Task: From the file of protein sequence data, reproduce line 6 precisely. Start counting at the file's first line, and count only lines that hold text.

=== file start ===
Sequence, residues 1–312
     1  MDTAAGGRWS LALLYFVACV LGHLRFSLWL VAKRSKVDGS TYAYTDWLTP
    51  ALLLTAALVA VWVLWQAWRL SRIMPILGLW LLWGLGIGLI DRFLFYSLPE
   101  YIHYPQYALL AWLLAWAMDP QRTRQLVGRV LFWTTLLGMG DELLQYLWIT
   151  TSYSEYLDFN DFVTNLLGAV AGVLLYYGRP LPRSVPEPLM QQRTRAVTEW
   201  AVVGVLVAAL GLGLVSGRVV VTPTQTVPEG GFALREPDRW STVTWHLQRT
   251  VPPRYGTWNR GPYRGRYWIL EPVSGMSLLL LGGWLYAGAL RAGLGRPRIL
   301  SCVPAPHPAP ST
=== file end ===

   201  AVVGVLVAAL GLGLVSGRVV VTPTQTVPEG GFALREPDRW STVTWHLQRT